11th August, trial club discussion night when members were asked to raise favourite pieces from Burns’ for a chat. Good turn-out, especially from new members and lively discussion. Gordon hopes to make this a regular event. Ted Murray’s sister, Ann, visited Dumfries on 14th August and was met in the Globe for lunch by Frank Manson, Tom Johnstone and Gordon Johnston and the writer, followed by a visit to the JA Statue to view the memorial bench in memory of Ted. Ann again expressed thanks for the club’s help.  Accompanied Gordon and Betty Johnston to Locharbriggs Community Centre on 15th August for a demonstration of Scottish Country Dancing with music from James Coutts Band, MC’d by the genial John Caskie. Was successful in the raffle for a change.

The annual outing on Saturday 16th August was most enjoyable and well organised. 14 members and friends travelled by the customary luxury minibus to Glasgow to the Riverside Museum and then  Kelvingrove Gallery. This was well covered in the President’s blog, suffice to add that the Haggis Pie at lunch and the fish supper at Moffat were highlights of a super day.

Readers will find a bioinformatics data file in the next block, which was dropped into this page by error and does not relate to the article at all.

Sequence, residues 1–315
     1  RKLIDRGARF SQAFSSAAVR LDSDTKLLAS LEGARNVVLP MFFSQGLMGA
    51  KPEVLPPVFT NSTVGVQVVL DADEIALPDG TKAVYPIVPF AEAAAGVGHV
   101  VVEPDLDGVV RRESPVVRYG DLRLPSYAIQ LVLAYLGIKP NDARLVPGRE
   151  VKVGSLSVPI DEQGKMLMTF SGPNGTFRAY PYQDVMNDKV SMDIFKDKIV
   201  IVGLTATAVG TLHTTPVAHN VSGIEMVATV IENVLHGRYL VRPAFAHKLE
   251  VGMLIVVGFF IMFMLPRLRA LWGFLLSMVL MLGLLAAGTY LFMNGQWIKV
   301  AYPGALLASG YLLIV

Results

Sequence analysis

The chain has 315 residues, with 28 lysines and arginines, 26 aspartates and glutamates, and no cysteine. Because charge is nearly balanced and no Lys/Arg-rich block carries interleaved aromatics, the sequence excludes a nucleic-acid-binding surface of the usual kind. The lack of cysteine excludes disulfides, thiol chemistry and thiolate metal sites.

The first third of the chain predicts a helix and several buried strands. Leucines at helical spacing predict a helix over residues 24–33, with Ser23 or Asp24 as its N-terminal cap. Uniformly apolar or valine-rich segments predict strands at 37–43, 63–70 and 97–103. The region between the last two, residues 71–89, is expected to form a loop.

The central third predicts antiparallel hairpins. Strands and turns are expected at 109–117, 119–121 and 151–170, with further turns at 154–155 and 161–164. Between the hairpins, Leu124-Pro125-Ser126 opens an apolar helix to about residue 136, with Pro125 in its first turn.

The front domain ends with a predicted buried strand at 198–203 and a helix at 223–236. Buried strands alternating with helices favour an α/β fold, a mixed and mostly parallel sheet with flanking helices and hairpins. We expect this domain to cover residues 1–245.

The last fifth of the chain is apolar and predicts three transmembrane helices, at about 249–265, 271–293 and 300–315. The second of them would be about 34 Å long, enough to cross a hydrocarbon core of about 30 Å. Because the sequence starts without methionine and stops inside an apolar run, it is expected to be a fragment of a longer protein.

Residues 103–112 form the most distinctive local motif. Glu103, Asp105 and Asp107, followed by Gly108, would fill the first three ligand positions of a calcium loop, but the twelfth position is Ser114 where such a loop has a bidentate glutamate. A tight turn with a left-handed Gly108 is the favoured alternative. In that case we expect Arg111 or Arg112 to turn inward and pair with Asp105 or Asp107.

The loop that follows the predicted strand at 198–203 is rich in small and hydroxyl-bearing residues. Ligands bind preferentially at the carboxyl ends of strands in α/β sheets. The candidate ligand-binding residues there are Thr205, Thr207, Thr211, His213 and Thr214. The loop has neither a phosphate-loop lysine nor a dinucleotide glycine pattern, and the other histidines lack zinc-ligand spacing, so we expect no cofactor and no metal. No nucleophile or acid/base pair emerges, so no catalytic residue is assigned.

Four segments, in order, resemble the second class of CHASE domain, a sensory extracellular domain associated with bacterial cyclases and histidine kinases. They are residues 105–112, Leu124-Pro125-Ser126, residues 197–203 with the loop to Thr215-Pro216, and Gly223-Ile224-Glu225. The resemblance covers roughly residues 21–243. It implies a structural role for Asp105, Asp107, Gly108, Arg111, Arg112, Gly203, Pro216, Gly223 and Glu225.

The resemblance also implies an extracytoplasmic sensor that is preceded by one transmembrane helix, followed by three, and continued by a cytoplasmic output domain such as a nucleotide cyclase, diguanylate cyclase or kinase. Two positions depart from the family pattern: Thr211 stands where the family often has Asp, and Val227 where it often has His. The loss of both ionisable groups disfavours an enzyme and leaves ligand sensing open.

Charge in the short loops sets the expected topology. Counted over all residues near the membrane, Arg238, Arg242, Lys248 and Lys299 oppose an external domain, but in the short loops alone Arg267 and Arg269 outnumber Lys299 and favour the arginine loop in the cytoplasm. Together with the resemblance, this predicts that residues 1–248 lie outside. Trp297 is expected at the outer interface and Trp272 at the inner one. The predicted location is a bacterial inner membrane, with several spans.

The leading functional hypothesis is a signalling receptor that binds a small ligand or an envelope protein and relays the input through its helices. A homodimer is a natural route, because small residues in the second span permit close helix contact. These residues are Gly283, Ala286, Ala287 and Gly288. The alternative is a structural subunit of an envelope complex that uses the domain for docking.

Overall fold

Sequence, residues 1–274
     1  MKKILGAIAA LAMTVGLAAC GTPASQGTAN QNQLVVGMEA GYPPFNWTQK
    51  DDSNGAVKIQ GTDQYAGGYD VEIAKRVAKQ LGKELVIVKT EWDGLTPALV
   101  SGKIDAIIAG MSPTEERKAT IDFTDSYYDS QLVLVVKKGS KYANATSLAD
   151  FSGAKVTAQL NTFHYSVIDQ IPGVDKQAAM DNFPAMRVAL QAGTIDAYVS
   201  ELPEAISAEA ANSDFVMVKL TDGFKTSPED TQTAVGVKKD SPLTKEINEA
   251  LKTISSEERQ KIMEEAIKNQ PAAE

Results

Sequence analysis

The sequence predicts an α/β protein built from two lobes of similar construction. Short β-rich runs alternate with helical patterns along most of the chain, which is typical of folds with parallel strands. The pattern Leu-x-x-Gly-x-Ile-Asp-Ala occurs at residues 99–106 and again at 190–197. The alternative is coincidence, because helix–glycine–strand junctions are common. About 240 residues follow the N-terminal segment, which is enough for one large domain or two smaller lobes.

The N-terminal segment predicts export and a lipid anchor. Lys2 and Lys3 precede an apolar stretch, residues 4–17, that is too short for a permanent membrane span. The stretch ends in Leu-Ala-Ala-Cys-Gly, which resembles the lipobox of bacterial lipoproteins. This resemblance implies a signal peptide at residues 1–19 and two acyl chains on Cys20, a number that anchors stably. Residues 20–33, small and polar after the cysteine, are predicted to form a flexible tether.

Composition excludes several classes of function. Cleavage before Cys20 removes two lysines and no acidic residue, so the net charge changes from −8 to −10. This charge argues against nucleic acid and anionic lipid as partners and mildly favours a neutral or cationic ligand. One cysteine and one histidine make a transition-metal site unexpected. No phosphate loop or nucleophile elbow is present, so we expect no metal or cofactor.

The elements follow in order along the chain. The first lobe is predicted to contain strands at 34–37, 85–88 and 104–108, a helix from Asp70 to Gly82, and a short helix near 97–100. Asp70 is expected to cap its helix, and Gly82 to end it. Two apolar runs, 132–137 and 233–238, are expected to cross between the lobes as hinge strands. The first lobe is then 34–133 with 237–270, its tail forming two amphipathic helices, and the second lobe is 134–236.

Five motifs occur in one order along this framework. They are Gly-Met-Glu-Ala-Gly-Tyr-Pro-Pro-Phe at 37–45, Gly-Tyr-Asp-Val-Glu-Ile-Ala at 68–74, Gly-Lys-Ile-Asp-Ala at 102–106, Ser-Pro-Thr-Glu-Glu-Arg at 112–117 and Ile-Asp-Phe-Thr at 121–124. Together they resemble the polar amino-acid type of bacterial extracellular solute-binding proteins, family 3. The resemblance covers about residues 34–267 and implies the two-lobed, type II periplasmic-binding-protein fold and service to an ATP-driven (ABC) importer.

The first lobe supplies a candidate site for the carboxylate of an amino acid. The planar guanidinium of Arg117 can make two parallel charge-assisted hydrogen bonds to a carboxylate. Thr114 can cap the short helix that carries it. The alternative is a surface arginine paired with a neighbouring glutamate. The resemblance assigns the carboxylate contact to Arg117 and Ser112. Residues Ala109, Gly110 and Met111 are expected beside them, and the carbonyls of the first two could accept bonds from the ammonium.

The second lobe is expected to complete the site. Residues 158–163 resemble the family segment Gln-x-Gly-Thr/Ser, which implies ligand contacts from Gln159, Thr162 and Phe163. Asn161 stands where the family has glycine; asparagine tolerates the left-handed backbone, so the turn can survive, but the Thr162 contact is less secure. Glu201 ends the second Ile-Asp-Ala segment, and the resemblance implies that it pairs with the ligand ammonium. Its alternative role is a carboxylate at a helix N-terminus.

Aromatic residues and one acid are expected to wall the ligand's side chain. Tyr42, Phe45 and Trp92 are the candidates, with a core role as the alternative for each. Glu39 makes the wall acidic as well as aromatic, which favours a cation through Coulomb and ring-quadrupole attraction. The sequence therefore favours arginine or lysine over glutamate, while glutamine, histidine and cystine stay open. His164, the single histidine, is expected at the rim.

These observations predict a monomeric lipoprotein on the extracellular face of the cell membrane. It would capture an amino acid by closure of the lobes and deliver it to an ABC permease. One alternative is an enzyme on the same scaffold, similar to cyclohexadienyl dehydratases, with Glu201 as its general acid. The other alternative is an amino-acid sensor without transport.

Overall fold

Tuesday 19th August was the delayed club booling night when members were joined by Gavin Findlay from Dumbarton who was holidaying at Gatehouse. In spite of his best efforts, Gavin won the coveted “Draffan Cup” with Gordon McKerrow who was at pains to encourage Gavin to take it back to Dumbarton. Thanks due to Dumfries Bowling Club and Ken Crookshanks. At the prize giving at the Globe, the writer was surprised to be presented with a cake and bottle of superior malt by Jane Brown and the president on the occasion of a milestone birthday anniversary. This was much appreciated but do not propose to mark any further anniversaries.